India has the largest number of malnourished children in the world ||40% of the Indian children are undernourished ||

Malnutrition refers to deficiencies, excesses or imbalances in a person’s intake of energy and/or nutrients.

The term malnutrition covers 2 broad groups of conditions. One is ‘undernutrition’—which includes stunting (low height for age), wasting (low weight for height), underweight (low weight for age) and micronutrient deficiencies or insufficiencies (a lack of important vitamins and minerals). The other is overweight, obesity and diet-related noncommunicable diseases (such as heart disease, stroke, diabetes and cancer).

Consequences of Malnutrition:

Malnutrition affects people in every country. Around 1.9 billion adults worldwide are overweight, while 462 million are underweight. An estimated 41 million children under the age of 5 years are overweight or obese, while some 159 million are stunted and 50 million are wasted.

Many families cannot afford or access enough nutritious foods like fresh fruit and vegetables, legumes, meat and milk, while foods and drinks high in fat, sugar and salt are cheaper and more readily available, leading to a rapid rise in the number of children and adults who are overweight and obese, in poor as well as rich countries.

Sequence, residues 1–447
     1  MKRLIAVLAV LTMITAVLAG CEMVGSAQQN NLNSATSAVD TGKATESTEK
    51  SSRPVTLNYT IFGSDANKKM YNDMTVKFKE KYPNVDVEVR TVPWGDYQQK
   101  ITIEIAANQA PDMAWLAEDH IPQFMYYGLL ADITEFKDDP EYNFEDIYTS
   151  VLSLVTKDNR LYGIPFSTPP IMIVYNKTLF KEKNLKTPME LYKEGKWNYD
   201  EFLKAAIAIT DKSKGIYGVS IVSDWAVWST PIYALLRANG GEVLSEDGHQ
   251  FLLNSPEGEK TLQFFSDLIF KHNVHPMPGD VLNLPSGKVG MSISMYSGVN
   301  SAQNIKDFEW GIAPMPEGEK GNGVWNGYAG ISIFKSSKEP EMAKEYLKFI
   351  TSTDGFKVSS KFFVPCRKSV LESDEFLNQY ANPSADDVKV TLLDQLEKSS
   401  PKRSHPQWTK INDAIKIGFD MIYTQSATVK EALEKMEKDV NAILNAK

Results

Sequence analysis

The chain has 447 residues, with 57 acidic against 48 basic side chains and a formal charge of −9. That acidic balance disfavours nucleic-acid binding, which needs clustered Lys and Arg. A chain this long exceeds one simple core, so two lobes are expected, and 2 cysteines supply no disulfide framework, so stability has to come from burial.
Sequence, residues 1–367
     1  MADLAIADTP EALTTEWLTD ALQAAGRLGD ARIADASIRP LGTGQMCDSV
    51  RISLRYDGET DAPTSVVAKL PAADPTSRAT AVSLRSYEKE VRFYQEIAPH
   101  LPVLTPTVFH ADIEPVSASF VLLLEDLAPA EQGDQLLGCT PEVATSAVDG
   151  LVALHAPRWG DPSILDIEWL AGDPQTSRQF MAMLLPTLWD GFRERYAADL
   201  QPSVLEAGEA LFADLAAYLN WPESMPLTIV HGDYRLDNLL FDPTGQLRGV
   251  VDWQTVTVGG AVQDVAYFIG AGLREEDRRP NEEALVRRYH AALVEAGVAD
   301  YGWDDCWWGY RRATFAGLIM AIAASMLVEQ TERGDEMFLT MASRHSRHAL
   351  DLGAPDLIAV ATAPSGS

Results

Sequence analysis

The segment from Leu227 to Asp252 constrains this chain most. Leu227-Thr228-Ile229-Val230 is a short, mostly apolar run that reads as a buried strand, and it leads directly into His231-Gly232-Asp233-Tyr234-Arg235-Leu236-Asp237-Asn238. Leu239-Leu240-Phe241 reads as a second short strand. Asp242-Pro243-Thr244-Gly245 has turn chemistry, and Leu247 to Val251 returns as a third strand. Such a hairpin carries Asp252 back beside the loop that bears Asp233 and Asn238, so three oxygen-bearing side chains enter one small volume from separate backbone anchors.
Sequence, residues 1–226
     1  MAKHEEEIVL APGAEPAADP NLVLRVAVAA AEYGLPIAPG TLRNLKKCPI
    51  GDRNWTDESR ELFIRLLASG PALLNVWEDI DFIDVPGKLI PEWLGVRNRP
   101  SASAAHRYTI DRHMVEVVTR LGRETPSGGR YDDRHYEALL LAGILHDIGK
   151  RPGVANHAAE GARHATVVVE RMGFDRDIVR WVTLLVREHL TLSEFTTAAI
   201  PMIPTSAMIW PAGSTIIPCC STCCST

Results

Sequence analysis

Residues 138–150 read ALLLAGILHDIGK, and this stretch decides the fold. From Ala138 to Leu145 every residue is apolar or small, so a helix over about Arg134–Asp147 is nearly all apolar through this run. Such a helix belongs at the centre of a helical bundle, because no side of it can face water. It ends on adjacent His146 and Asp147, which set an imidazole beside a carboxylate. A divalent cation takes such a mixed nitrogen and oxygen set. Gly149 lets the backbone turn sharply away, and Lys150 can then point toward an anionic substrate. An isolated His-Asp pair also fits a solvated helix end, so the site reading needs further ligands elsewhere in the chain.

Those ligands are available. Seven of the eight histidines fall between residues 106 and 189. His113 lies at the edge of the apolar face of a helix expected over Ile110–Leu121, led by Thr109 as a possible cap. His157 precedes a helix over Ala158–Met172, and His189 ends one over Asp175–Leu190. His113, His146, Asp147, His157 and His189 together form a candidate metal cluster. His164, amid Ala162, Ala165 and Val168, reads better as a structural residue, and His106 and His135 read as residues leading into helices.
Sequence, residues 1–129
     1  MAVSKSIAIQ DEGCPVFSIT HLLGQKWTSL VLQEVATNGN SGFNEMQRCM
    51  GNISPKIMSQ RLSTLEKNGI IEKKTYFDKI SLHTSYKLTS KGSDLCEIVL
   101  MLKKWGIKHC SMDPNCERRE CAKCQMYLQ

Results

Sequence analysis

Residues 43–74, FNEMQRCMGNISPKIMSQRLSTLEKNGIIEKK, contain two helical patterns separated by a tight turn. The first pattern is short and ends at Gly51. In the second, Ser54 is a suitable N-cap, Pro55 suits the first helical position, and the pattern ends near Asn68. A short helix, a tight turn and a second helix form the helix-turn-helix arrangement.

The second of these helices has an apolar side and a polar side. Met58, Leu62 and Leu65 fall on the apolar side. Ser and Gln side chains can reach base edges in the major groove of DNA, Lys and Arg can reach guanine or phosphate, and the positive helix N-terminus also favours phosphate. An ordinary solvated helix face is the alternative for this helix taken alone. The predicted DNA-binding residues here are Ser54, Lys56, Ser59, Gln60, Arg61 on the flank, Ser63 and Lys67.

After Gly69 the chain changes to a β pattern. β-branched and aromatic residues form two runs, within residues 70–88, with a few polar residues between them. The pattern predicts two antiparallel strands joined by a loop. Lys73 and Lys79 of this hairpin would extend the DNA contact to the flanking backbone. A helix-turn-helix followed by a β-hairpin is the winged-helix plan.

Malnutrition in India:

“More than one third of the world’s malnourished children live in India. Among these, half of the children under three years old are underweight and a third of wealthiest children are over-nutriented.” said the joint study by Assocham and EY. The report found that towards the end of 2015, 40% (i.e. 50.8 million) of the Indian children were undernourished.

About 37% of under-five children are underweight, 39% are stunted, 21% are wasted and 8% are severely acutely malnourished.
Only about 10 per cent children under the age 6-23 months are receiving an adequate diet.

In the age bracket of 1-5 years, the prevalence of underweight children ranged from 42% in Jharkhand, followed by Bihar, MP and UP with 37%, 36% and 34.1% respectively, to 14.1% in Manipur. The prevalence of stunting ranged from 50.4% in UP to 19.4% in Kerala according to the report.

India is ranked as the third most obese nation of the world after US and China and is called the diabetes capital of the world, with about 69.2 million people living with it as per the 2015 data by WHO.

One of the major causes for malnutrition in India is economic inequality. Due to the low social status of some population groups, their diet often lacks in both quality and quantity.

It is important to understand that malnutrition derives not just from a lack of food but from a diverse set of interlinked processes linking health, care, education, sanitation and hygiene, access to resources, women’s empowerment and more.

Nutrition is a core pillar of human development and concrete, large-scale programming not only can reduce the burden of undernutrition and deprivation in countries but also can advance the progress of nations.